Nose swabs are commonly used to test for respiratory syncytial virus (RSV), which is a leading cause of infant hospitalization. RSV is a highly contagious virus that causes severe respiratory illness in babies and young children. Early diagnosis of RSV is important because it can help doctors determine whether a child needs to be hospitalized and receive intensive care.
A new study has found that testing nose swabs for RSV in infants can help distinguish between those who will need longer intensive care and those who will not. The study, which was published in the journal Pediatrics, involved nearly 1,900 infants who were hospitalized with RSV.
Researchers found that infants who tested positive for RSV on a nose swab were more likely to need longer hospitalization and intensive care than those who tested negative. In addition, infants with positive nose swabs were more likely to be diagnosed with pneumonia, to require mechanical ventilation, and to have a longer hospital stay.
The findings suggest that testing nose swabs for RSV could help doctors identify which infants are at risk for more severe illness and thus may need more intensive care. This is particularly important because RSV can be a serious illness, and early diagnosis and treatment can make a significant difference in outcome.
Nose swabs may distinguish babies with RSV needing longer intensive care
Though not considered a serious illness in adults, Respiratory Syncytial Virus, or RSV, can be quite dangerous for infants. In fact, each year in the United States, RSV is responsible for approximately 57,000 infant hospitalizations, according to the Centers for Disease Control and Prevention.
Now, a new study presented at the 2019 Pediatric Academic Societies Meeting suggests that a simple nose swab can help doctors determine which babies with RSV will need more intensive care.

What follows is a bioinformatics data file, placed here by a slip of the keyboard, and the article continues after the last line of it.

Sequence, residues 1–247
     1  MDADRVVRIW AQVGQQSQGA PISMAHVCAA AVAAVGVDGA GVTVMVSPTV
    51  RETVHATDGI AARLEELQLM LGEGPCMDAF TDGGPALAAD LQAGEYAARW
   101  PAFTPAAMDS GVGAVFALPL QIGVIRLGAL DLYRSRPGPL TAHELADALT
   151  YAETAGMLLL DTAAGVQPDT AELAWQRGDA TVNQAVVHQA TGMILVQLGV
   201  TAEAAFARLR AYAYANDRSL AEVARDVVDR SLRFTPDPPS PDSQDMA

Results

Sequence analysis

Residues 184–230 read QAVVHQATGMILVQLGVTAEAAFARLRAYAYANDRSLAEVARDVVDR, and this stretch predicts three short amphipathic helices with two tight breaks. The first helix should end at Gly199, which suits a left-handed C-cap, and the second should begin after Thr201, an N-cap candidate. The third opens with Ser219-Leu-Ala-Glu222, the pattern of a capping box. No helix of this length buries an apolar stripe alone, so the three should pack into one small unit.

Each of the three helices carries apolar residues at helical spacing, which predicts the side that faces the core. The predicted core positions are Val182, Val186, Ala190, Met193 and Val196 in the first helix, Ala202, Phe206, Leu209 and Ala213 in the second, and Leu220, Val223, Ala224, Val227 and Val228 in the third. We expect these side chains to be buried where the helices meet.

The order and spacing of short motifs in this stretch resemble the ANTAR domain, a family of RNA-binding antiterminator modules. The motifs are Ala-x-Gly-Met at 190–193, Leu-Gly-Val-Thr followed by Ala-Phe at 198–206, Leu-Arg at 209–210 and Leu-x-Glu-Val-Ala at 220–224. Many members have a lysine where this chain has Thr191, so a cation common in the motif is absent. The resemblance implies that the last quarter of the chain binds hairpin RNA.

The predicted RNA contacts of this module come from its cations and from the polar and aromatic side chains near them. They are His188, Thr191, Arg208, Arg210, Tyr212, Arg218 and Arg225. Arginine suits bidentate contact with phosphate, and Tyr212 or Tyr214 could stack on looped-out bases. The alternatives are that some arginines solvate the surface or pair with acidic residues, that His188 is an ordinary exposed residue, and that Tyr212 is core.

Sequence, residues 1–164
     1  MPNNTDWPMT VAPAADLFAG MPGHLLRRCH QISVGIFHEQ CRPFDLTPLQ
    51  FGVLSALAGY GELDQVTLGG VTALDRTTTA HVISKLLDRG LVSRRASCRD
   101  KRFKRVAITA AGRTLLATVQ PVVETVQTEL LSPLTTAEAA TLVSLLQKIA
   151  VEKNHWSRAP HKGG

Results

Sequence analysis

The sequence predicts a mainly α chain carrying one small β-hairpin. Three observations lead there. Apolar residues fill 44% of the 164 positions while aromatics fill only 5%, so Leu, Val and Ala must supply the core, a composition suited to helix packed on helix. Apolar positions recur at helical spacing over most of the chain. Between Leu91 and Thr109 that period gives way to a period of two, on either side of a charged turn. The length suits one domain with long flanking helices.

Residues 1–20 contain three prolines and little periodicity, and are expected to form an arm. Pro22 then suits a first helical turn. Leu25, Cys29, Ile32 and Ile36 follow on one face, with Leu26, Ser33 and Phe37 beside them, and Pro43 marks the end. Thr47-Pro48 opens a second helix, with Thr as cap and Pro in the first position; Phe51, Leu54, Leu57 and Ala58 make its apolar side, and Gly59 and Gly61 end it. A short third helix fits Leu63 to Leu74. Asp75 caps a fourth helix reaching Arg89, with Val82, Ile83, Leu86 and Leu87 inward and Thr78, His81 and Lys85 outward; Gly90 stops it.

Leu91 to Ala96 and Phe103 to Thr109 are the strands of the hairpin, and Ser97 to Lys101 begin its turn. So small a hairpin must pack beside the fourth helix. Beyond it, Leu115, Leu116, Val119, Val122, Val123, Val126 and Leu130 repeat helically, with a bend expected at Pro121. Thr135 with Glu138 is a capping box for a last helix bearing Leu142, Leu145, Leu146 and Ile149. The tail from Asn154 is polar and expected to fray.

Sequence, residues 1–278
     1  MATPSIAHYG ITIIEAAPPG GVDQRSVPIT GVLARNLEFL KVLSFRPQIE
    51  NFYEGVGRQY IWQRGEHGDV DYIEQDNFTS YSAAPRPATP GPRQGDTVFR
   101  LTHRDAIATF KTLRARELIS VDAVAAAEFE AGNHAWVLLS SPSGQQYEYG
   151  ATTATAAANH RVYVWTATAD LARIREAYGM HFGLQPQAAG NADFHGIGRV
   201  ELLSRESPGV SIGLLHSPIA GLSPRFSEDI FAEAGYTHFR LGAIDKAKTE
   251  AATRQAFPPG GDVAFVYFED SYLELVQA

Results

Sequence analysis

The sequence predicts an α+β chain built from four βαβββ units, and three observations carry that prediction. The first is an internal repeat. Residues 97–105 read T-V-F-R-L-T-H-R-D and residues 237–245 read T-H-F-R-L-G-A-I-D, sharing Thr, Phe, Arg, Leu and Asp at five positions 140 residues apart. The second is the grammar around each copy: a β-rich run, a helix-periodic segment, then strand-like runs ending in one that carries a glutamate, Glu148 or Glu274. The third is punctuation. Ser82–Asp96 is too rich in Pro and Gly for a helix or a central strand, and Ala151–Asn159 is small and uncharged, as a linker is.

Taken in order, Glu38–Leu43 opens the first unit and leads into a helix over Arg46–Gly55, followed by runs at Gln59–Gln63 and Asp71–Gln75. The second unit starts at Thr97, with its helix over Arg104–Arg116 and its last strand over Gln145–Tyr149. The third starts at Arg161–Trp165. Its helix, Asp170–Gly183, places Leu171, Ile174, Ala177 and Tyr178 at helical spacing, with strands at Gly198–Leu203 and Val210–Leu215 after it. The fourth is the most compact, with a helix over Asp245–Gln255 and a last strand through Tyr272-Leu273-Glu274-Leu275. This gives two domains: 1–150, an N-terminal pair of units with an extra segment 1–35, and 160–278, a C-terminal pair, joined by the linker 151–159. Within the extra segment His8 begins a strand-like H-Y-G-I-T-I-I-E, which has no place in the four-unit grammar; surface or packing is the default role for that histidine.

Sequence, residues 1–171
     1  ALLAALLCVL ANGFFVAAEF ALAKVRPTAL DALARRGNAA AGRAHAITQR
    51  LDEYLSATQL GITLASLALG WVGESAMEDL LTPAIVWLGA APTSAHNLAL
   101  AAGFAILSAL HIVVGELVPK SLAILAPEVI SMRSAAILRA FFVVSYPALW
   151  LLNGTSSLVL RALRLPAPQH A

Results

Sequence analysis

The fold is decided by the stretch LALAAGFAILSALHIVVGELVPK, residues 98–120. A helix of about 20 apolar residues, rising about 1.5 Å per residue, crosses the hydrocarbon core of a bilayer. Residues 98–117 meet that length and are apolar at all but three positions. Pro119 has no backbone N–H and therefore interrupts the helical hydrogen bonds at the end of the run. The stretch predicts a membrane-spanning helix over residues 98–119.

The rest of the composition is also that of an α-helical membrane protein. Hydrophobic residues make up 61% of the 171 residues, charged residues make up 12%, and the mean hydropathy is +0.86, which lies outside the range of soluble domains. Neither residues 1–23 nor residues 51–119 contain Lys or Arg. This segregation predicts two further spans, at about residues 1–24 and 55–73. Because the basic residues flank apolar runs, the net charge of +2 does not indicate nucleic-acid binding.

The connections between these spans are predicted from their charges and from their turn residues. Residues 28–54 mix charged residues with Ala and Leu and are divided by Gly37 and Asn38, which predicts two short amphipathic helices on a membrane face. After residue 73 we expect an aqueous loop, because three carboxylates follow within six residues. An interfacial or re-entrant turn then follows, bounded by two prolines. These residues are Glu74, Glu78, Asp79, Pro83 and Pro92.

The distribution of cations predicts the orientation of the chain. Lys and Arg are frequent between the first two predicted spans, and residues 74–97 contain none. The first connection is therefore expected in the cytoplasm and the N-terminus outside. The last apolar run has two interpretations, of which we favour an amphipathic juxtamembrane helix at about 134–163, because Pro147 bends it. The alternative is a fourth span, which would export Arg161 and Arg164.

For the study, researchers from Cincinnati Children’s Hospital Medical Center analyzed data from 1,497 babies who were hospitalized with RSV between 2015 and 2018. They found that those who tested positive for the virus using a nasal swab were more likely to need oxygen, have a longer hospital stay, or require Intensive Care Unit (ICU) admission than those who tested negative.
What’s more, the researchers found that the rate of RSV infection was highest among infants who were between 1 and 3 months old, and those who had chronic lung disease or were born prematurely.
“This study provides important information that may help guide health care decision-making for infants hospitalized with RSV,” said study author Gary L. Freed, MD, MPH, in a press release. “We hope that as RSV testing becomes more widely available in the hospital setting, these results will help doctors and parents better understand which infants are at risk for more severe RSV illness and might benefit from more intense treatment.”